Vlamertinghe Military Cemetery

This cemetery is located less than 10 minutes drive west of Ypres (Ieper) town centre. It is quite a large cemetery containing over 1000 burials but just five of these are members of the Royal Dublin Fusiliers. The cemetery was originally begun by French troops shortly after the start of the war but was quickly taken over by British forces who used it from April 1915 until June 1917. Three of the five Dublin Fusiliers burials here date from the first few months of the British use of the cemetery. Located behind the British lines at Ypres many of the men who are buried here died of wounds received in action. One of these is Lieutenant Alfred Ray Lancaster-Bell of the 2nd Battalion who was aged 19 when he died in 1915 and his story is an example of the sometimes extremely short life expectancy of men newly arrived in the trenches. The only child of Alfred and Annie Bell of Morehampton Road, Dublin he was born in Ballinasloe in February 1896. He was educated in Dublin and was commissioned shortly after the outbreak of war. He was attached to the 2nd Battalion of the regiment for service on the Western Front and arrived in the firing line with his regiment on 15 May 1915. Just two days later he was wounded by shrapnel in the lung and was evacuated from the trenches to the 12th Field Ambulance at Vlamertinghe where he died four hours later. He was then buried in what is now Plot 1 Row E of the cemetery.


Alfred Ray Lancaster-Bell

The grave of Lieutenant Lancaster-Bell at Vlamertinghe


Lancaster Bell


Another grave of note in this cemetery is that of Private Albert Rickman of the 1st Battalion Dublin Fusiliers in Plot 4 Row D. Rickman who was aged 27 when he was executed on 18 September 1916 for desertion. The son of Charles and Anne Rickman he was born at Milford-on-Sea, Hampshire in 1889. He had joined the 7th Battalion of the Dublin Fusiliers and originally served during the campaign in Gallipoli where he was wounded in September 1915, but was later transferred to the 1st Battalion now serving on the Western Front and arrived in France by March 1916. Rickman took part in the first day of the Battle of the Somme and he advanced with his battalion at 8am in the second wave attacking towards Hawthorn Ridge near Beaumont Hamel. The whole battalion was confronted by very heavy machine gun fire and the battalion war diary described the problems facing the battalion,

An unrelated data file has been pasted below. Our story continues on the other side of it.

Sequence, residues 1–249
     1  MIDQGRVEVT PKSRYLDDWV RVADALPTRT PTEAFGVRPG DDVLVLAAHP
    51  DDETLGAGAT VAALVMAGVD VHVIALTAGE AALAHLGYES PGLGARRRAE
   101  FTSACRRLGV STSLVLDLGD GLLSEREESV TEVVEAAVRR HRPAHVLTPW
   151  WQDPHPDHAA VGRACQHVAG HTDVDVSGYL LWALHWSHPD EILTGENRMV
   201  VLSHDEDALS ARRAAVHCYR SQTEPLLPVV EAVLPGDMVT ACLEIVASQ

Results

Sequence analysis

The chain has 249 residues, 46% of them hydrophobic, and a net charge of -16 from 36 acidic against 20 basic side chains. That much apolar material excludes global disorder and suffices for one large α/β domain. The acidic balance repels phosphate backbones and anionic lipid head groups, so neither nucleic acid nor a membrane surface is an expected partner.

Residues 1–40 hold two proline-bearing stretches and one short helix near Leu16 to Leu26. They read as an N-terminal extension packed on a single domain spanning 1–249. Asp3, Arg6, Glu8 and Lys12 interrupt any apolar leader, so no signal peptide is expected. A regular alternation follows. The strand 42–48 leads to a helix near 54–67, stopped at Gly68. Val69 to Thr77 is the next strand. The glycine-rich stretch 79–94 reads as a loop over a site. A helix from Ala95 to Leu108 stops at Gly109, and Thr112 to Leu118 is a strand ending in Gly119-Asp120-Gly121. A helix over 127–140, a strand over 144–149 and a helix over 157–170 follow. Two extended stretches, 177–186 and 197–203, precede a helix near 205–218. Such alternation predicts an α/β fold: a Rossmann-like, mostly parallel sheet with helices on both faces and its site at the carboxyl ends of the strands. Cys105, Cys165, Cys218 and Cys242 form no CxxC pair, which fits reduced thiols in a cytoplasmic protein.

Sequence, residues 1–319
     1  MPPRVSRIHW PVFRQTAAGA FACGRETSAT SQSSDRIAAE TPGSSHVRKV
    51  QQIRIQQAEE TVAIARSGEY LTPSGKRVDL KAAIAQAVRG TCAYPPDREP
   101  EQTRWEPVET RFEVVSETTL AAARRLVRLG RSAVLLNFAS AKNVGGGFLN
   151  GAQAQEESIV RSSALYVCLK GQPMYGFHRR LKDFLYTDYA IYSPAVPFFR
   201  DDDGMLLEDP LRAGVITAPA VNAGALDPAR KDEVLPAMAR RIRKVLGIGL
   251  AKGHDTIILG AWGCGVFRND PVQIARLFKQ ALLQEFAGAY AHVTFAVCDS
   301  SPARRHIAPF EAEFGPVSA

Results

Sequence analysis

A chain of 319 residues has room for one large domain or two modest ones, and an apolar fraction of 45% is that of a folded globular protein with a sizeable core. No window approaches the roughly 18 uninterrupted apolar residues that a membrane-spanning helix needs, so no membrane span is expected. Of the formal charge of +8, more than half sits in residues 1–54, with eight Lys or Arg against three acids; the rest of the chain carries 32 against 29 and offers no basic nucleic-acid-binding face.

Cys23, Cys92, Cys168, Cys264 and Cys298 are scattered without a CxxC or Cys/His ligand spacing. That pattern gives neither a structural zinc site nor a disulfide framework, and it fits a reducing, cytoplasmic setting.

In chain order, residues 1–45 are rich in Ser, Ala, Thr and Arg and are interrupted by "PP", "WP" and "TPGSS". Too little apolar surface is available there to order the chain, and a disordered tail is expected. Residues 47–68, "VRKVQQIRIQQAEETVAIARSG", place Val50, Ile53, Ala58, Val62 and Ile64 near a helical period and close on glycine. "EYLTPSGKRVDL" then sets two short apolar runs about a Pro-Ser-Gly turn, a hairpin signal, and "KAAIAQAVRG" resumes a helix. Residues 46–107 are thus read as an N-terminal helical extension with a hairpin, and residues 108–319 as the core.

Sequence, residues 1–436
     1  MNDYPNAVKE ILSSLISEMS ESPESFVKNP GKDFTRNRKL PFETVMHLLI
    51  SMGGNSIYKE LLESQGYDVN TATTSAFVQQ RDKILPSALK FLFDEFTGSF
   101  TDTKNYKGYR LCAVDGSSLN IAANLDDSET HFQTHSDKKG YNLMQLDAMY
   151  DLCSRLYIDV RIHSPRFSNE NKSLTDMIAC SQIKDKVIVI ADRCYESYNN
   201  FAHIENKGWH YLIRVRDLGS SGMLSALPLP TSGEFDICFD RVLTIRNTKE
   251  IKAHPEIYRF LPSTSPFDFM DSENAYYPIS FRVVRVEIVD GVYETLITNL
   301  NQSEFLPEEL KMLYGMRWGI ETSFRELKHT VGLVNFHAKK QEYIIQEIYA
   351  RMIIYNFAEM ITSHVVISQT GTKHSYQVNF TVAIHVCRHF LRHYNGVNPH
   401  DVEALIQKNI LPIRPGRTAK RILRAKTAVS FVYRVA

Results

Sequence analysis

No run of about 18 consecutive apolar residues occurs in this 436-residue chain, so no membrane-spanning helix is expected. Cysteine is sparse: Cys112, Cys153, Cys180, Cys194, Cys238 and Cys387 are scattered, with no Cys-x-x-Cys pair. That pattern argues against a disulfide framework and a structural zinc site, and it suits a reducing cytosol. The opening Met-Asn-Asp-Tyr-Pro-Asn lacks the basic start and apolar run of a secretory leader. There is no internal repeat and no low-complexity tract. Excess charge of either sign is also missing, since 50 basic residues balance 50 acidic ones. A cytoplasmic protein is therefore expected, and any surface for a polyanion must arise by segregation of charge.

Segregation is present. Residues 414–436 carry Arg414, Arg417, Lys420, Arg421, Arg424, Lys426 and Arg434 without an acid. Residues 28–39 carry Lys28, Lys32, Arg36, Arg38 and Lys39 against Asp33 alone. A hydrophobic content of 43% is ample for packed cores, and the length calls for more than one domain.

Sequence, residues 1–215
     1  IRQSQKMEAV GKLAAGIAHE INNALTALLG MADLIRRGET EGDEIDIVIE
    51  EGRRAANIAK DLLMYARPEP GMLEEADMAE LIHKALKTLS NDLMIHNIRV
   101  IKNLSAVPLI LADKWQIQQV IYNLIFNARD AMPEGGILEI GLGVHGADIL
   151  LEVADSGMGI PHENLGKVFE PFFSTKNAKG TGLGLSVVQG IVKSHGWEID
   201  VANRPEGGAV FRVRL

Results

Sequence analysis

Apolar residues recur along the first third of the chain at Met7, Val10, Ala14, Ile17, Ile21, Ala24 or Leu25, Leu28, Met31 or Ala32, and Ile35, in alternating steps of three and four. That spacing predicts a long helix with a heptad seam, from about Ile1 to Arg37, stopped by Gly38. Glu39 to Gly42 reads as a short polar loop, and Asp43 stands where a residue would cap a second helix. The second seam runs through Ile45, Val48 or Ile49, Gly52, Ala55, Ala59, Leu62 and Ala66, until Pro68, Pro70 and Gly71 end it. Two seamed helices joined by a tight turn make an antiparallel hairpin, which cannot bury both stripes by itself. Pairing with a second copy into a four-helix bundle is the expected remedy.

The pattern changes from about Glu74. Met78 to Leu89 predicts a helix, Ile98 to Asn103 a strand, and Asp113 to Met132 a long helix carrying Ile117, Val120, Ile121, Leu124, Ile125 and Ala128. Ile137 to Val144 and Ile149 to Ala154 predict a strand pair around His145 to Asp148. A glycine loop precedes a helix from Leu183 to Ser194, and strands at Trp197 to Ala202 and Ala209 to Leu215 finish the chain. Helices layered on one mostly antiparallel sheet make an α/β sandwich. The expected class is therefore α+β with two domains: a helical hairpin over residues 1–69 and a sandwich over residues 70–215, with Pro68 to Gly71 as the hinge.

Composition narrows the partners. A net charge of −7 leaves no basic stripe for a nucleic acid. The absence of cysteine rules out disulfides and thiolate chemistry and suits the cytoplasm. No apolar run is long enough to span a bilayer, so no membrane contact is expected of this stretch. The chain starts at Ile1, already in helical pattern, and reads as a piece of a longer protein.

“our own barbed wire was only cut at intervals of about forty yards and by this time the Germans had machine guns trained on these gaps, the result being that our casualties were very heavy and only a few of our men ever got through the wire and and still fewer of these succeeded in advancing more than fifty or sixty yards before being shot down.”
By the end of the 1st of July, casualties in the battalion were estimated at over 200. Rickman was noticed to be absent from his battalion the following day. 18 days later was apprehended by the Military Foot Police at Abbeville, a town on the French coast and over 70 kilometres from where he went missing at Beaumont Hamel. A few months later he was placed on trial for desertion, found guilty and sentenced to death. At 6.10 am on the 15th of September 1916. eight days after his trial had begun, Albert Rickman was executed by firing squad his body being buried in the cemetery at Vlamertinghe.


Albert Rickman

 The grave of Albert Rickman, one of two Dublin Fusiliers executed by British authorities during the First World War


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